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close this bookPreliminary Investigation of the Abuse of Girls in Zimbabwean Junior Secondary Schools - Education research paper No. 39 (DFID, 2000, 100 p.)
close this folder1. INTRODUCTION
View the document(introduction...)
View the document1.1 The research study
View the document1.2 Definition and scope of abuse in this study


Since 1990, as part of the drive for universal primary education, there has been a considerable international effort to get more girls into school. Girls constitute two-thirds of all out-of-school children (UNESCO 1998). The need to develop specific strategies to address the problem of girls' under-enrolment, as opposed to merely seeking to increase the total number of school places available, has spawned a number of studies around girls' education. However, most of this research has concentrated on the economic, social and cultural barriers to girls' schooling, in other words barriers external to the school (e.g. Colclough et al 1998, King and Hill 1993, Brock and Cammish 1997). It is only recently that studies examining the gendered structure of schooling have been carried out (Anderson-Levitt 1998, Kutnick 1998, Stephens 1998, Gordon 1993; see also Odaja and Heneveld 1995). In these, some attention has been given to the role that informal school practices and teachers' attitudes play in perpetuating sex differentiation and discouraging girls (and sometimes boys) from attending. It is now recognised that the way in which schooling is organised and delivered sends subtle but powerful daily messages to pupils about the gender roles they can expect to play in adult life. In the majority of cases, these messages underscore the authority and superiority of males and implicitly endorse gender-differentiated roles which reinforce girls' negative self-perceptions and limit their expectations. Although governments and donors have expressed concern over the low academic achievement of girls in many countries, they have been slow to acknowledge the link between this low achievement, the school culture, and low self-esteem and expectations of women and girls.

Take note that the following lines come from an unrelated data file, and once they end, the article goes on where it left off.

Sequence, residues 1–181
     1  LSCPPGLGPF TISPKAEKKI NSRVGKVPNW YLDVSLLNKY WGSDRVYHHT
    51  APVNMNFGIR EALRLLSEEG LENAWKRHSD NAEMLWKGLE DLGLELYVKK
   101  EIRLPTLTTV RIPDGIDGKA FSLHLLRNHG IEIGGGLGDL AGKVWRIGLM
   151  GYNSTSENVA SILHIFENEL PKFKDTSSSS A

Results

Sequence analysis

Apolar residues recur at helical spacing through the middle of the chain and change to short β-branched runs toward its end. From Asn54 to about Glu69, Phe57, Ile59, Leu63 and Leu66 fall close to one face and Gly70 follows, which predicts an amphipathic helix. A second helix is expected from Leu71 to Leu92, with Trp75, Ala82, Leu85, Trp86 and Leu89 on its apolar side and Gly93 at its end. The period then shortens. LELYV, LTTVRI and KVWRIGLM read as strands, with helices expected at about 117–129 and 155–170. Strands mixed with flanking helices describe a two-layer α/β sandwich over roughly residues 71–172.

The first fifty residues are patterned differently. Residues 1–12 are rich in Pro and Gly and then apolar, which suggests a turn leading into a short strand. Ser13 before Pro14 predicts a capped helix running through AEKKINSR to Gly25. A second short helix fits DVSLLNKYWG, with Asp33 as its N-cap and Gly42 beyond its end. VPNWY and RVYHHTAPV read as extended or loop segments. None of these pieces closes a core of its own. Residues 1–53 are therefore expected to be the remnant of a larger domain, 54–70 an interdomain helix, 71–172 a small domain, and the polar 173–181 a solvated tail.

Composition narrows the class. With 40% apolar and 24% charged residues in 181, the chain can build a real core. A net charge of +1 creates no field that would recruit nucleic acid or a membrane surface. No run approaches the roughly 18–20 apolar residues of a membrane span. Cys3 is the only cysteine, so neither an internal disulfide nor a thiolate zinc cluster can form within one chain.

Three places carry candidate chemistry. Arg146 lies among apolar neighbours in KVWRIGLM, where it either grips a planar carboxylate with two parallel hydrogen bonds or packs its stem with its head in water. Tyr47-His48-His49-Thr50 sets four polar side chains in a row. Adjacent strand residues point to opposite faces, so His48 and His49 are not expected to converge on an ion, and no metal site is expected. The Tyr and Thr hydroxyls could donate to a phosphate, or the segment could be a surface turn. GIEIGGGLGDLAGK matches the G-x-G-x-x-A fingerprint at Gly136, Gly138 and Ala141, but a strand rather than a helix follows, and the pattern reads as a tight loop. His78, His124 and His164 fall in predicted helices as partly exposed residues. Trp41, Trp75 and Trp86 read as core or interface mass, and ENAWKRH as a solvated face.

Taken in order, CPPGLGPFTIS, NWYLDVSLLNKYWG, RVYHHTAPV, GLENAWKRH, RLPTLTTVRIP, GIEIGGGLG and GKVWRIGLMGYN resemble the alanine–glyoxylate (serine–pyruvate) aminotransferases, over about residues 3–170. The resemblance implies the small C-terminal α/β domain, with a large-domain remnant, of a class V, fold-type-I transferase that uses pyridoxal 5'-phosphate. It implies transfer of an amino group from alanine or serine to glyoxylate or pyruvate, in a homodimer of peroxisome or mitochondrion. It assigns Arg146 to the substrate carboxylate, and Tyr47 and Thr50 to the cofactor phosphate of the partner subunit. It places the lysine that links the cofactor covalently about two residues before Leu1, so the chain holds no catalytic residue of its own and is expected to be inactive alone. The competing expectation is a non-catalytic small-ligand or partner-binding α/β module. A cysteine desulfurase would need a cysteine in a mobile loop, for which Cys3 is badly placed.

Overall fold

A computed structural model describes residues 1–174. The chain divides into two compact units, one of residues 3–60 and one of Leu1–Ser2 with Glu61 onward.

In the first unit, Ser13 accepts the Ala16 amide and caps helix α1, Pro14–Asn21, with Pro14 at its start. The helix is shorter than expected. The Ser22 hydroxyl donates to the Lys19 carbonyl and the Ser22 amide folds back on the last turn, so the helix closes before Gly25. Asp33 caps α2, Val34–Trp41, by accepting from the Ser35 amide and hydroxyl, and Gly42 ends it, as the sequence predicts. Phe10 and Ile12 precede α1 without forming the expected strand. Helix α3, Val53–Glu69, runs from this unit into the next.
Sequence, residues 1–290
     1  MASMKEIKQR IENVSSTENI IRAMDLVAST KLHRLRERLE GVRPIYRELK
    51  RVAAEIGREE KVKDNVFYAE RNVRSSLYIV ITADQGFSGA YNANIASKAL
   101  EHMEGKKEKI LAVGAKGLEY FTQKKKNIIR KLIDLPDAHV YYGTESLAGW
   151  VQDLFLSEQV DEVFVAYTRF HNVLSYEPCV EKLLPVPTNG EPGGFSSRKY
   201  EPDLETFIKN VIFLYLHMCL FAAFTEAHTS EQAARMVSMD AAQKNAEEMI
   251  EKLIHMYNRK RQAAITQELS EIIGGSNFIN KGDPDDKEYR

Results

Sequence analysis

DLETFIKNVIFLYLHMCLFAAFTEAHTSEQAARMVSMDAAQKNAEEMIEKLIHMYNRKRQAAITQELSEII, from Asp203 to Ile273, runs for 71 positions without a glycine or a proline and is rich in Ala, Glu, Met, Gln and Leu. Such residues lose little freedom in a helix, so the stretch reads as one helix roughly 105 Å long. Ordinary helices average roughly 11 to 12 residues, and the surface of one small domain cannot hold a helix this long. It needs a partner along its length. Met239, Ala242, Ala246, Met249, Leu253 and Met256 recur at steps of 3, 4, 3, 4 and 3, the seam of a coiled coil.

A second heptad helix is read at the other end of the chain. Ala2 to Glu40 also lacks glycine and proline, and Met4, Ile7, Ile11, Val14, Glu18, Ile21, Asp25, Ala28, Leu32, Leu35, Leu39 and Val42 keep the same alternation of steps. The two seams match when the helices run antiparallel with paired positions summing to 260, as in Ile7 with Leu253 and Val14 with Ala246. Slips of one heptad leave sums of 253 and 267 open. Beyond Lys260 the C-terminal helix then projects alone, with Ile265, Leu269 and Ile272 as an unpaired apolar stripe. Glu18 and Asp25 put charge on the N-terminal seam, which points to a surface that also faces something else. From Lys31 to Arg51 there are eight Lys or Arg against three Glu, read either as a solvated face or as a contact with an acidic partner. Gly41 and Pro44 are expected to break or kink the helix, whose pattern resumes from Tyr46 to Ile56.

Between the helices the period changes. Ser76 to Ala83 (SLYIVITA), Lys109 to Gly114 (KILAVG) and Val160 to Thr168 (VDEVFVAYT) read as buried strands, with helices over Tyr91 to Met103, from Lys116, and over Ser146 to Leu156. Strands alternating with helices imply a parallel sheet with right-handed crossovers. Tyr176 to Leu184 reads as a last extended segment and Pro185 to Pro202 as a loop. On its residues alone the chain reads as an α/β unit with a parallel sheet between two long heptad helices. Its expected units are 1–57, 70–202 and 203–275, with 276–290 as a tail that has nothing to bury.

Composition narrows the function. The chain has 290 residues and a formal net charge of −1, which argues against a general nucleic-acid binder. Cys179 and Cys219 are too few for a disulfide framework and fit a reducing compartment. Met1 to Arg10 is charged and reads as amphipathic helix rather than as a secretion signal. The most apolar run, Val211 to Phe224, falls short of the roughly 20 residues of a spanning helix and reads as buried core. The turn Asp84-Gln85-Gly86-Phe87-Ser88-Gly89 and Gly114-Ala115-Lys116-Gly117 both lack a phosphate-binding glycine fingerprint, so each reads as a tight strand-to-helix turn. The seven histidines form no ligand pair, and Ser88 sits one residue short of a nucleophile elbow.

Within these studies, one aspect of the reality of school life for girls which may affect both their attendance and their achievement has been almost totally ignored. That is the existence of a school culture which tolerates abusive behaviour and violence towards girls. Very little is known about why and under what circumstances abuse in schools takes place and internationally accessible studies which seek to address this issue are few: examples are Gordon (1993), Gouws (1997), Hallam (1994). Given the commitments made by governments world wide under the 1989 Convention on the Rights of the Child, it is crucial that the reality behind this abuse be exposed and its causes addressed.